People always talk about taking things for granted, and seeing as how each and every one of us knows, comprehends, and understands this world-renowned cliché, why is it we only seem to take it seriously when we're being immediately effected? Oh, that's right...we take it for granted! In the hot rod world we come across these conundrums quite often. Take for instance when the realm of the aftermarket isn't there to lend a helping hand.

When you're dealing with a 1932 Ford passenger car, or really any popular make and model, parts and accessories are just a phone call or Google search away. Anything and everything can be bought in a moment's notice. Yet, for a 1932's trunkless cousin, the pickup, things take a different turn. When it comes to those interchangeable components it's status quo; but for those unique pieces—such as sheetmetal—one is left scouring an abundance of avenues for salvageable original stock. The 1932-34 pickup door is something that isn't re-popped in the aftermarket. So when things take a turn for the worse it's time to count on one's resourcefulness to make it right.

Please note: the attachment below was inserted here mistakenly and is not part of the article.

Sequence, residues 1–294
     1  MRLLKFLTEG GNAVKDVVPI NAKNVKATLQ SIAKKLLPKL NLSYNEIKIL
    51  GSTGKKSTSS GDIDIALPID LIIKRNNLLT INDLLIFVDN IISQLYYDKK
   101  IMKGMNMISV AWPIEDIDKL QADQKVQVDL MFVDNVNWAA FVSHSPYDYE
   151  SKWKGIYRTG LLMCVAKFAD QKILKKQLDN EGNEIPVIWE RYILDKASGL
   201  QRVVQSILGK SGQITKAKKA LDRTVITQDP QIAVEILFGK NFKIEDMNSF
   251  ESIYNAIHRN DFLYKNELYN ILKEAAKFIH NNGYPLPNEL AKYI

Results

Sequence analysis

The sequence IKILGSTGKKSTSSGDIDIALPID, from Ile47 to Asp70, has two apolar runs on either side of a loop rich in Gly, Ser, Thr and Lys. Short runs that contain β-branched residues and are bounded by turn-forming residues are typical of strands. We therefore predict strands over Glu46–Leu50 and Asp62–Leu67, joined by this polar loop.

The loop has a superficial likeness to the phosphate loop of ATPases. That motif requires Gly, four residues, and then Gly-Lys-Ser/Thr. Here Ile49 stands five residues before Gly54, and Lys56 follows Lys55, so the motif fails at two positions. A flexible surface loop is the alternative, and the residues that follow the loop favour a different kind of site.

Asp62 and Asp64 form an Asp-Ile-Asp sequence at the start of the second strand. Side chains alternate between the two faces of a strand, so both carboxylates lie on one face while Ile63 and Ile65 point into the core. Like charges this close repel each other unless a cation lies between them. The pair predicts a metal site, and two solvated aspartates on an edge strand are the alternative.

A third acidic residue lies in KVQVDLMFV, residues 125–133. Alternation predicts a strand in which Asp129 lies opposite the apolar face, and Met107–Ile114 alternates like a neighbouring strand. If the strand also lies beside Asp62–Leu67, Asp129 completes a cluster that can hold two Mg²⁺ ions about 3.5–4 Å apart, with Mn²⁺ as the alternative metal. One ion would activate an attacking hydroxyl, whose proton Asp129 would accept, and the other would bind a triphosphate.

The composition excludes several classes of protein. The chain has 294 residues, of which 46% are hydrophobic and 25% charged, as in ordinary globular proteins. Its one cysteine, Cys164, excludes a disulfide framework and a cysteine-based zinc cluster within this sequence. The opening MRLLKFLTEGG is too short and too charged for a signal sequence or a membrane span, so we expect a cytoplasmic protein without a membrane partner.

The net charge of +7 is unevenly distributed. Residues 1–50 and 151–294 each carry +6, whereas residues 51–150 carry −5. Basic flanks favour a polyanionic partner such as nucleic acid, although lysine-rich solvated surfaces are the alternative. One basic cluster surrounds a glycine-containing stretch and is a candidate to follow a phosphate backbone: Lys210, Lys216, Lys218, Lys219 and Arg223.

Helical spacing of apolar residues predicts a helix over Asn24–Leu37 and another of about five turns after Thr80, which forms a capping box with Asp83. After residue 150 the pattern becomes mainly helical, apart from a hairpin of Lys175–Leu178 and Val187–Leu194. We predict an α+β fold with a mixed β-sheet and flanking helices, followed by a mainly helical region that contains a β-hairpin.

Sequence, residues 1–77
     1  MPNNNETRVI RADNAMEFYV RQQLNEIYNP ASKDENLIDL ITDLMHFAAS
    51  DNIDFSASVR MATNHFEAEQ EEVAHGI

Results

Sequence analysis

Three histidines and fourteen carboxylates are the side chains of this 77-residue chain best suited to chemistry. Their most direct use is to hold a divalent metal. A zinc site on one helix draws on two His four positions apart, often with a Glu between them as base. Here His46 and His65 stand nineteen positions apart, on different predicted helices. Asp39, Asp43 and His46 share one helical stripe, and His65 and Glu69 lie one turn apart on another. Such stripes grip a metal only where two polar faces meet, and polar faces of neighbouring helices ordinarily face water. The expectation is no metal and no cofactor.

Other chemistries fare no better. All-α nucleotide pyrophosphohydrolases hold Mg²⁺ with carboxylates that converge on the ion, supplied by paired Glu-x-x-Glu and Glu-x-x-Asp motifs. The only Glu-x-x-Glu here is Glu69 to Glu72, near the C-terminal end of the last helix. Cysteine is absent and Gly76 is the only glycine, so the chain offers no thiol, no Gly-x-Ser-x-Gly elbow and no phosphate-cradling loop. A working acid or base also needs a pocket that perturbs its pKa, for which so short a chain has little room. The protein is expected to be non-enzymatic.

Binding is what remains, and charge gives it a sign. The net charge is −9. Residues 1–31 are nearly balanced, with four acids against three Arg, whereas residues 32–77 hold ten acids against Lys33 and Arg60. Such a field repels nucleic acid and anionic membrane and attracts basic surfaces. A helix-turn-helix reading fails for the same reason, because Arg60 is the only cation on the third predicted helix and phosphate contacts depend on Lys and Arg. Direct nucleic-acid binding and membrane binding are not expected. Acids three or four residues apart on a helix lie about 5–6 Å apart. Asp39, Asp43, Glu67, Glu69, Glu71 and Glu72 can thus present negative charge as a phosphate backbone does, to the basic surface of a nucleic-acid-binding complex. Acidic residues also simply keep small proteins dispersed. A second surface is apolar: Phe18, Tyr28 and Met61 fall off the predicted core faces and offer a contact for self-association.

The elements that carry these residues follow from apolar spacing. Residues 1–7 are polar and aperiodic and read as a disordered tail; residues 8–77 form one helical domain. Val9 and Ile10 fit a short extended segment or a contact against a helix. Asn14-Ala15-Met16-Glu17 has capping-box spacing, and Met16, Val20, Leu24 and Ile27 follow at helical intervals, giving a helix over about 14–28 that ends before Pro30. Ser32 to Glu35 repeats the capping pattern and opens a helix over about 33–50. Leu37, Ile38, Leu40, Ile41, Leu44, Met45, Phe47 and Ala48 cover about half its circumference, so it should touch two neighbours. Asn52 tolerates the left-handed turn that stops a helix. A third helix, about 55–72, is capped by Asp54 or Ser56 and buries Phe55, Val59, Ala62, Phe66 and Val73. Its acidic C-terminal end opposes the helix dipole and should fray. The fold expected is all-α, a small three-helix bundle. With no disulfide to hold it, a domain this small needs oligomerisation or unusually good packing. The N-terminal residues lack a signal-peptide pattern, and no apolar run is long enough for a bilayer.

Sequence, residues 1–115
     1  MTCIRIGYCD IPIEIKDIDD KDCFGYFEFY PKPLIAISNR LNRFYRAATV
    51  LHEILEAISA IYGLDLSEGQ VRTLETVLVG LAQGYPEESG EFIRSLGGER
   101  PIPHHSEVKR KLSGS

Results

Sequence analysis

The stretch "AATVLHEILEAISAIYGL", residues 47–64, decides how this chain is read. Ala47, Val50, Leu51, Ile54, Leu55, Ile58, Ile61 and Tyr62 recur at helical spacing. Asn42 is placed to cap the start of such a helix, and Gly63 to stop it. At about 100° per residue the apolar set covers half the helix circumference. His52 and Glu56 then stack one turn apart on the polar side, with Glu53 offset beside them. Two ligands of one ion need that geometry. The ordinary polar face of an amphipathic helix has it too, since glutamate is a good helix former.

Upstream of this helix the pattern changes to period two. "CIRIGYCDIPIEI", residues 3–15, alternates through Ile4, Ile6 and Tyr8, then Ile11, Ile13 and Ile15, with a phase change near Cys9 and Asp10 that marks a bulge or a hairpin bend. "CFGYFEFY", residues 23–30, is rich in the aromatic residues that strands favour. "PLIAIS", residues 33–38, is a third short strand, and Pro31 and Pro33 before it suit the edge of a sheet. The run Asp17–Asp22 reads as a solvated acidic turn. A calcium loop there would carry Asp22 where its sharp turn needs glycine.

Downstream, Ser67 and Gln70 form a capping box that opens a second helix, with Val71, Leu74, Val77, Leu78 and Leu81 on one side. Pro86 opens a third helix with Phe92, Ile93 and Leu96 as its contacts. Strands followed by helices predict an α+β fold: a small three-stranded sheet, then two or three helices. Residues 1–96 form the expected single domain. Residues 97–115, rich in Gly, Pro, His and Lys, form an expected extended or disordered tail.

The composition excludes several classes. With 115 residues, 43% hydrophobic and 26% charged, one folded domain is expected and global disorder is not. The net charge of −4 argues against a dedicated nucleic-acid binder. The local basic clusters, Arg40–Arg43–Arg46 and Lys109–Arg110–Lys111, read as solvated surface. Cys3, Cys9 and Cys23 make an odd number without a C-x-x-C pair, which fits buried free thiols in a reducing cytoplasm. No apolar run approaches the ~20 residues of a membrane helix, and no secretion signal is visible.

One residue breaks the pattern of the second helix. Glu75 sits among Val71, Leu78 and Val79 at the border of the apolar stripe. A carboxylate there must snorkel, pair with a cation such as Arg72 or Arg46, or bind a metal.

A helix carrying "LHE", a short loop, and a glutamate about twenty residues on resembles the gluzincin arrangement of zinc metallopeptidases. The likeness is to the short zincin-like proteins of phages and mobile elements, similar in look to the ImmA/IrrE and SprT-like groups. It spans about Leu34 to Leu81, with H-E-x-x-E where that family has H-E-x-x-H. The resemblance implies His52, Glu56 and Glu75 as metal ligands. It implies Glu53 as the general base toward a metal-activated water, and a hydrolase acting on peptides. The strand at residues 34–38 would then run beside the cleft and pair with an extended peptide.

In the case of this 1932 Ford pickup door, the reveal along the beltline took a shot from a forklift. The result was two creases, roughly 8 inches apart, expanding the entirety of the reveals and down into the skin. Unlike the broad side of a piece of sheetmetal, the reveal along the door has a multitude of sharp breaks in it, which is really where things take a turn for the worse. Dents and dings can be pulled and worked, but when a sharp edge buckles things don't just pull back into place. Previously someone tried to cut out the damaged area, straighten things as best they could, and then weld it back in. As for the skin below, a stud gun and puller could only band-aid a rough area. Long story short, it was a valiant effort, but things fell short.

Being that new sheetmetal isn't in the cards it's time to move on. There is a positive note, although bittersweet: The rest of this door is flawless. In fact, you would be hard pressed to find a better door. The next option is plan B, to find a door with a solid reveal and transplant a patch. Being the damage to the door in question is in the center, a donor passenger or driver door would suffice because the crown of the reveal is shared. Star Kustom Shop, in Riverside, California, has taken the route of Plan B and found a new door with exactly what is needed. By cutting out the damaged portion and replacing it with new old skin the door can be restored to its previous condition. Here's Star Kustom Shop's plan of action.

SOURCE
Star Kustom Shop
StarKustom@yahoo.com
Afton
OH  74331
918-257-4234
http://www.starkustomshop.com
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